My Sugar-Free Challenge

I wouldn’t say I have much of a sweet tooth. If someone offered me a cake or a bowl of olives, I’d rather have the olives. But I’ve seen recently a trend for people saying they want to give up sugar and there are even ‘experts’ such as Sarah Wilson, who can help people give up the white stuff.

But is sugar really that bad and if it is, is it really so hard to give up, you need ‘experts’ to teach you how? I didn’t think it is, so when Benenden asked me if I’d like to join in their sugar-free challenge to help promote their sugar-free hub, I was more than happy to oblige because a) I didn’t think I ate much sugar; and b) I love a challenge.

So, below is a kind of diary of what I ate and – if applicable – what I usually would have had on a normal ‘not bothered about looking out for sugar to avoid’ day.

Sugar-Free Breakfast 

Hot water with lemon

Well, breakfast was never going to be hard to be sugar-free as, although there was a time when I was a five-teaspoons-of-sugar-in-tea kind of girl, I haven’t drunk tea for years and I’ve never drunk coffee (bleurgh) and my hot drink upon waking is always hot water and lemon.  Before anyone pipes up with ‘but fruit is full of sugar – you’ve failed already, loser’, as far as I’m aware, going sugar-free doesn’t mean giving up something perfectly healthy like fruit. So there.


Just as I haven’t drunk sugar-laden tea for years, I also grew out of eating sugary breakfast cereals topped with more sugar when I was about ten years old. Nowadays, my breakfast is a smoothie and today’s one was frozen mixed fruit, dried golden berries, acai powder and water. It did occur to me that sugar might be added to the packeted fruit and powder but, hooray, no added sugar. No added anything, in fact. If you haven’t tried golden berries before, please do – they make a great tangy addition to smoothies, or you could add them to flapjacks, energy bars, etc.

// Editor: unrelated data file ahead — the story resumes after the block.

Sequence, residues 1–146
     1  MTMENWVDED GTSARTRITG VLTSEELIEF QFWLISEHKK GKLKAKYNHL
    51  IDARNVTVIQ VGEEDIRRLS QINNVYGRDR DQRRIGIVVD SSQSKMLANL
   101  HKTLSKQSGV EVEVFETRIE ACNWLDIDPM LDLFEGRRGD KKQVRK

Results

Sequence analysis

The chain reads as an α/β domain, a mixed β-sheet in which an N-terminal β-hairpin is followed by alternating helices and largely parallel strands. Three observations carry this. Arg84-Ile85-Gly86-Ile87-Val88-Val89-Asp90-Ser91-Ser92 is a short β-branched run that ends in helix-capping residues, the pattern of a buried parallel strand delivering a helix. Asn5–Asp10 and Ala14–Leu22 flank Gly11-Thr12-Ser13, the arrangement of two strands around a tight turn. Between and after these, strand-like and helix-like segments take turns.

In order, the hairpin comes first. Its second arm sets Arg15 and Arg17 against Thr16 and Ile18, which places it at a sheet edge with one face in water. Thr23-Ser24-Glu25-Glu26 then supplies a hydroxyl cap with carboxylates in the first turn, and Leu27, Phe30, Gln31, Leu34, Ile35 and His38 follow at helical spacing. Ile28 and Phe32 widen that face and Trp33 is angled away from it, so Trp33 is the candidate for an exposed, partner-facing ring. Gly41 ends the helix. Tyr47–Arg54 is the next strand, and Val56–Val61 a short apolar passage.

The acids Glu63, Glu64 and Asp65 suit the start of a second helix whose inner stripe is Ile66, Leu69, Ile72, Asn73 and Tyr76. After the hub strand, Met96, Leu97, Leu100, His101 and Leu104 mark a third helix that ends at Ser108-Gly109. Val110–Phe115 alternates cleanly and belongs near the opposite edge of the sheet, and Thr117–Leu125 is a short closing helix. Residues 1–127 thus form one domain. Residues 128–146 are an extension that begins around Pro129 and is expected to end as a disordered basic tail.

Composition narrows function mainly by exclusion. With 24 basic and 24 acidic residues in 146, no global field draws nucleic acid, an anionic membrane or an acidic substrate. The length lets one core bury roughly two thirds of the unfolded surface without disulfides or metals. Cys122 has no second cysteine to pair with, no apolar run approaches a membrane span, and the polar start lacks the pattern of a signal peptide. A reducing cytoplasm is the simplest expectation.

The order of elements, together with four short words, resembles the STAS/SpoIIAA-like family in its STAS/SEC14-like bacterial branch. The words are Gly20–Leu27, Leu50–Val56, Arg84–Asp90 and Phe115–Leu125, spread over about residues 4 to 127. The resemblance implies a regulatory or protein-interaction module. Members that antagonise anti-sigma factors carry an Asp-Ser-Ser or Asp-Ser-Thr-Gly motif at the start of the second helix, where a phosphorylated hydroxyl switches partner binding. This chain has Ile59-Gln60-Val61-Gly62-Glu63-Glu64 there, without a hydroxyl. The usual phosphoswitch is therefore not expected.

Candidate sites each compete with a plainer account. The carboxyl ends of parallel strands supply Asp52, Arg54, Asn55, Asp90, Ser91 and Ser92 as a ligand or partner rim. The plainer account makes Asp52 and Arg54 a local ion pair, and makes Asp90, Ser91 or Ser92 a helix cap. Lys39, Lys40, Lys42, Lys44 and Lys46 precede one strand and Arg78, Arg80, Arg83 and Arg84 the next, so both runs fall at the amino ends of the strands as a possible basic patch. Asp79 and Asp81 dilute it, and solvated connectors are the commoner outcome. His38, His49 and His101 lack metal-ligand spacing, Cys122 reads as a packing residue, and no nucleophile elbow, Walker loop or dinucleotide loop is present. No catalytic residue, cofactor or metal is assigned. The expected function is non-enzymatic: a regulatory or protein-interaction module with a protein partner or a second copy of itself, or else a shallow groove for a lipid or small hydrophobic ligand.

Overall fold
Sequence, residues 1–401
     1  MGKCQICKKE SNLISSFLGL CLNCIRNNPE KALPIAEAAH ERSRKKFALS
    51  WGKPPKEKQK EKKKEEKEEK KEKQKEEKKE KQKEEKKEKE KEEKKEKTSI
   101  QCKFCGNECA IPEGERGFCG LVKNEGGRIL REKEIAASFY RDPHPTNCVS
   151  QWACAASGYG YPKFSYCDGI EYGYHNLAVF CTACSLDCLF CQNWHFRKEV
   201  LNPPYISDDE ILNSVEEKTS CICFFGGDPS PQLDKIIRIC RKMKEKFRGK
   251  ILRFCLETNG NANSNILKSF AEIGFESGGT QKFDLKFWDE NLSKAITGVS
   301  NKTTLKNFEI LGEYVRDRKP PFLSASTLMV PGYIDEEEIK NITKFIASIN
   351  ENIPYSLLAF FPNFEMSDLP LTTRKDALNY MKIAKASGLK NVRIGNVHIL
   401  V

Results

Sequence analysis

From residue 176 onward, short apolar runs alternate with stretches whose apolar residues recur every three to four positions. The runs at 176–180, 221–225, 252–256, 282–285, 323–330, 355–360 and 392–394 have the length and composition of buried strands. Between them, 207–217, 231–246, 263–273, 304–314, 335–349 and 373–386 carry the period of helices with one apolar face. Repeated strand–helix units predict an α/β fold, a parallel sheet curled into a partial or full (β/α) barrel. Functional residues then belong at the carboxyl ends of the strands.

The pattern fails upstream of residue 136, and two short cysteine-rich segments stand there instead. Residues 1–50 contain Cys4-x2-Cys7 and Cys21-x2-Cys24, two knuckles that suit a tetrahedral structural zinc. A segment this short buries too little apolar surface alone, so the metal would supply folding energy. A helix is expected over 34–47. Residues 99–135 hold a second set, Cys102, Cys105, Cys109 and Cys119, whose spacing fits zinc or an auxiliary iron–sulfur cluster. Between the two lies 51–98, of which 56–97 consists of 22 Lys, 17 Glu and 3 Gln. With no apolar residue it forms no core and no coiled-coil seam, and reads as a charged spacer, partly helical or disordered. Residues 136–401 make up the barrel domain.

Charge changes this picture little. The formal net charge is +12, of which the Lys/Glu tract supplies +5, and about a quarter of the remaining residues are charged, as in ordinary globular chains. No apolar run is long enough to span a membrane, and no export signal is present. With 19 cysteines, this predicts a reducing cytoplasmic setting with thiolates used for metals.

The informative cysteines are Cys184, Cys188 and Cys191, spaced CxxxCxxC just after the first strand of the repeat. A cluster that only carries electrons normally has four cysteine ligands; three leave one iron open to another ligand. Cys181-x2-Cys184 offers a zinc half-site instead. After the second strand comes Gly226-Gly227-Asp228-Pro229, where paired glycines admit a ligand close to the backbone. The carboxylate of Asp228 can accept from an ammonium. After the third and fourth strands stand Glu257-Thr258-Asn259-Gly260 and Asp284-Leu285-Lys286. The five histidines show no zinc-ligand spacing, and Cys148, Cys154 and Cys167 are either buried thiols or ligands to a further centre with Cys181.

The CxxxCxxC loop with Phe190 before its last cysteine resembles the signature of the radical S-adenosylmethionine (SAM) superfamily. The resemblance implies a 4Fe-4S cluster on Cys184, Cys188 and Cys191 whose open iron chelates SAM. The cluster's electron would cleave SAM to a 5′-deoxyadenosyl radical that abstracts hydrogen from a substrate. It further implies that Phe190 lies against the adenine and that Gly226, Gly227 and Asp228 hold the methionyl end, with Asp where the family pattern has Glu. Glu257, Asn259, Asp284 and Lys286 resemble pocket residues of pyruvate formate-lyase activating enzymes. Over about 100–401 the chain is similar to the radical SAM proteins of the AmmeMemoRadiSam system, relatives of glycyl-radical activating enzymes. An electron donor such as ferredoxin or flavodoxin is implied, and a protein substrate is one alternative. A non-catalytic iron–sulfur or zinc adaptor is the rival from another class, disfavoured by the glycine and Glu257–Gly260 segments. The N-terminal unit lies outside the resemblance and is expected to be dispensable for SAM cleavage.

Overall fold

Sugar-Free Lunch 

Vegan tomato soup and ciabatta

Lunch was going to be slightly more tricky than breakfast as I’d made mushroom jerky the other day that I’d been having in wraps for lunch. No problems with the mushrooms, obviously, but I’d marinated them in Reggae Reggae Sauce which I thought was bound to contain sugar and, upon inspection of the label, saw I was right. No Reggae Reggae for me that day, dammit.

Never mind, I thought – I can have some of the tomato soup I made the other day, that’ll be sugar-free. But – woah, hang on, what about the stock? They put all sort of things in stock – they put milk in some vegetarian stocks, so I wouldn’t be surprised to find sugar in them too. It was fine though – no sugar in the stock. Oh, but then I thought, surely there must be sugar in the tinned tomatoes I used? But still, no sugar there either. My tomato soup was a sugar-free zone. Phew.

How about the ciabatta and Vitalite I wanted with it though? None there either – ha, this sugar-free thing is a breeze.

Sugar-Free Drinks

Hot chocolate made with raw cacao and almond milk

Okay, so obviously my homemade lemonade that I still had in the fridge wasn’t sugar-free – it’s made with just three ingredients, which are lemons, sugar and water – but apart from my beloved hot chocolate, I usually only drink water throughout the day, so cold drinks weren’t a problem. But, what about the aforementioned beloved hot chocolate? I didn’t even have to read the label to know that that would have sugar in it, so what was I to do? Go cold – or should that be hot chocolate – turkey? Na. I’d make my own with raw cacao powder instead. Sorted.

Although I couldn’t see sugar listed on the ingredients for the soya milk I usually use, I decided to make my hot chocolate extra pure by making it with homemade almond milk. Yep, maximum hippy level reached.

Homemade almond milk

Sugar-Free Dinner

Sugar-free, gluten-free, dairy-free, wheat-free, egg-free, courgette and carrot burgers